By Ted Bauer

The keg is god.

That’s what I’ve learned in the time I’ve spent on the Hilltop so far. Forget elements of political theory, forget the problem of God, forget the relationships with people. A metal cylinder of beer, four bags of ice and a crazy mechanism they call `a tap’ have replaced organized religion in our society. It brings people together for a common cause, can cause people to do otherwordly things such as letting a couple of sweaty, panting strangers lift their legs high in the air while another sweaty one slams a nozzle into the corner of their mouth.

What is it about Georgetown? During NSO, all we hear is how many options there are in Washington and how many great things you can and will be, but at 11 p.m. every Friday night on the Red Square cross, two packs of 30 frosh, almost tribal in their meeting, echo the familiar: “Where you headed?” followed by, perhaps, “I heard that’s kicked.” The single word `kicked’ can set an entire herd in another direction.

It’s an interesting sociological experiment. Just stand in Red Square at 11:30 p.m. on a weekend night and at various five, six minute intervals just scream `Kicked’ and watch the repercussions. It’s quite amusing.

The subject of this column has been treaded many times by writers far more gifted with a word processor than myself, so why flog a dead horse? (You can tell I’m not that gifted, I just used one of the worst cliches ever.) I am tired of lamenting, though; the time has come for action.

So I am sending out a challenge to all of you. If you’re scanning this barely vertical ink, stop and think for a moment. Do you really want to follow a bunch of people to a backyard, and stand around a metal cylinder waiting for beer for 15 minutes? Challenge yourself, expand your mind. Go to the Kennedy Center … dress rehearsals of plays are free. Go to a GPB movie. Go down to dupont and see a movie, have some Mexican food, sit and play chess. Go to the Foundry. Go to Thomas Sweet’s. Walk on M Street. Hit up the water. Look at flyers around campus, see who’s speaking, see what’s going on. On Thursday night, there was a DJ SpinOff event on Village C Patio, featuring lots of free food and good music, and about 100 people were there … yet about 300 were out looking for parties two hours later. You make friends and you remember college from the idle Tuesdays walking along M Street with one or two people, not the Saturday nights stumbling along 36th. It’s great to wake up the next morning and remember `how sick’ the night before was; we all do it, and good parties are to be appreciated as much as anything I’m mentioning. But after time, you learn a good party is 10 people, not 100.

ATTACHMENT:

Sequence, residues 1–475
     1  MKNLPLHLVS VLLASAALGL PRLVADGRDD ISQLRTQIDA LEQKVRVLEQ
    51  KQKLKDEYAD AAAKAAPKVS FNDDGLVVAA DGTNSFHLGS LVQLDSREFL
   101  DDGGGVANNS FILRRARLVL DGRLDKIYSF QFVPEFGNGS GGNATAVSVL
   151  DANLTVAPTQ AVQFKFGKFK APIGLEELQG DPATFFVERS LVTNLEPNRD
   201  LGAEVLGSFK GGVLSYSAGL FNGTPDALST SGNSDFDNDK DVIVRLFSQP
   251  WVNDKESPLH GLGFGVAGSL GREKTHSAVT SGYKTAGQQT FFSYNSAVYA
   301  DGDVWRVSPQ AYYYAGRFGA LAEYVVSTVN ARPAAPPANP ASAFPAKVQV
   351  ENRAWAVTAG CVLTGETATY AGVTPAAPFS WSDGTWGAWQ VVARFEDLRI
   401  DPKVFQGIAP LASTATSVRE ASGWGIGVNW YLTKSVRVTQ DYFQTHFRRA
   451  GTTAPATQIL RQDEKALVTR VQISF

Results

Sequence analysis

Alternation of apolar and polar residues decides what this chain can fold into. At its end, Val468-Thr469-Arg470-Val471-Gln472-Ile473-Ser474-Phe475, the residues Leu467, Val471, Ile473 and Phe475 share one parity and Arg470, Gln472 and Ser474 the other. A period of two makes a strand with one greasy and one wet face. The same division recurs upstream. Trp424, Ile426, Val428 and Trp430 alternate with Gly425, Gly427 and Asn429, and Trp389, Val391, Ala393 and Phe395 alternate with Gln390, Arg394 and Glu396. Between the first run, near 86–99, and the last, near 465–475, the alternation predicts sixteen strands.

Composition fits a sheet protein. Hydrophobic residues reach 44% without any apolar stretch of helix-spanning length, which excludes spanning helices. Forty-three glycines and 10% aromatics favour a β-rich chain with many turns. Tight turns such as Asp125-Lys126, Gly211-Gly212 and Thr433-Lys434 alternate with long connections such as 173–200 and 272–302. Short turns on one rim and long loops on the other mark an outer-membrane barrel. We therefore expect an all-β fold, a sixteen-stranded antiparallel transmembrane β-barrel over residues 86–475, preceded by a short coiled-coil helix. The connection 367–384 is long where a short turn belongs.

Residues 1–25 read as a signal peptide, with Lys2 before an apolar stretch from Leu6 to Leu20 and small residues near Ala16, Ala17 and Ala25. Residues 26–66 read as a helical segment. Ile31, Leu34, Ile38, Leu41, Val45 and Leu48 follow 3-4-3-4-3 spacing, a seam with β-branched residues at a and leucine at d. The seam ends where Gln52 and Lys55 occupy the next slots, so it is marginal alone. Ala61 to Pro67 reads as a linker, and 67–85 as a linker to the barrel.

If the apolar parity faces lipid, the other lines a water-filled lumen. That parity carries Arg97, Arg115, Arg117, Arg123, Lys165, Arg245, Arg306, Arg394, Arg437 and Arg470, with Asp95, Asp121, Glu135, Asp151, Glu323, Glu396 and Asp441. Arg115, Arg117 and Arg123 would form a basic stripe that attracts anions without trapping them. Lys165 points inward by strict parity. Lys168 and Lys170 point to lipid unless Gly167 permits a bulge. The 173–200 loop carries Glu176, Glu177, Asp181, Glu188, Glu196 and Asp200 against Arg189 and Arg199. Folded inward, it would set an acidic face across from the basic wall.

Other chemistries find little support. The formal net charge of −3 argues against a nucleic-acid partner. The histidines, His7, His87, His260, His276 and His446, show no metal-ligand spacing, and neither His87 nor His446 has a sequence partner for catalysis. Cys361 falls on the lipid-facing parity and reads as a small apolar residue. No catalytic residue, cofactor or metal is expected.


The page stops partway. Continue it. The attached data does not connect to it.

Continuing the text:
I challenge the leaders, too. I challenge GUSA. GUSA thinks they can accomplish a lot of things for students, and that’s great if they think that, but they can’t. Even if they could, 70 percent of the student body cares as much about what GUSA is doing as they do about Tito Puente’s recording career. All GUSA representatives need to do is go out and support students. If there’s an event, there’s no reason for any GUSA rep NOT to be there. When’s the last time you saw a GUSA rep at a play or a concert besides the big GPB ones? GUSA fails because it attempts things it has no business trying to accomplish: All it needs to do is have its members embrace the students of this school, listen to their concerns and support their interests. If GUSA reps are supposed to represent the concerns and interests of their entire grade, and they don’t show up to anything besides keg parties and a few meeting, what kind of example is that setting?

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